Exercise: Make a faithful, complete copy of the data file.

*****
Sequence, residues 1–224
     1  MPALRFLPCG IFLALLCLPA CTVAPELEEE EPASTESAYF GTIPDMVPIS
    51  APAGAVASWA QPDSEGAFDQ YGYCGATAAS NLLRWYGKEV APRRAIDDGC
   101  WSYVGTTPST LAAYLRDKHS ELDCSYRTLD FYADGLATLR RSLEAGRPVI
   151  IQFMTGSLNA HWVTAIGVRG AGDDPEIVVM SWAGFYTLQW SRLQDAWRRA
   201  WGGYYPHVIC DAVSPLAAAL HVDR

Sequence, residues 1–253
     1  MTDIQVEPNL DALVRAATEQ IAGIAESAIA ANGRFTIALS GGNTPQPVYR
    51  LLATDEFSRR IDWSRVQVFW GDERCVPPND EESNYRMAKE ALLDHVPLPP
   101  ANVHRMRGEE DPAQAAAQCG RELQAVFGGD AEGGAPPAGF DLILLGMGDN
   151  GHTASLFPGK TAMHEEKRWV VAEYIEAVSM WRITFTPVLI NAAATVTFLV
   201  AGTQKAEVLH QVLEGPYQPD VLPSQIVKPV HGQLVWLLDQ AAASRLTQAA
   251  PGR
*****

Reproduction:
Sequence, residues 1–224
     1  MPALRFLPCG IFLALLCLPA CTVAPELEEE EPASTESAYF GTIPDMVPIS
    51  APAGAVASWA QPDSEGAFDQ YGYCGATAAS NLLRWYGKEV APRRAIDDGC
   101  WSYVGTTPST LAAYLRDKHS ELDCSYRTLD FYADGLATLR RSLEAGRPVI
   151  IQFMTGSLNA HWVTAIGVRG AGDDPEIVVM SWAGFYTLQW SRLQDAWRRA
   201  WGGYYPHVIC DAVSPLAAAL HVDR

Sequence, residues 1–253
     1  MTDIQVEPNL DALVRAATEQ IAGIAESAIA ANGRFTIALS GGNTPQPVYR
    51  LLATDEFSRR IDWSRVQVFW GDERCVPPND EESNYRMAKE ALLDHVPLPP
   101  ANVHRMRGEE DPAQAAAQCG RELQAVFGGD AEGGAPPAGF DLILLGMGDN
   151  GHTASLFPGK TAMHEEKRWV VAEYIEAVSM WRITFTPVLI NAAATVTFLV
   201  AGTQKAEVLH QVLEGPYQPD VLPSQIVKPV HGQLVWLLDQ AAASRLTQAA
   251  PGR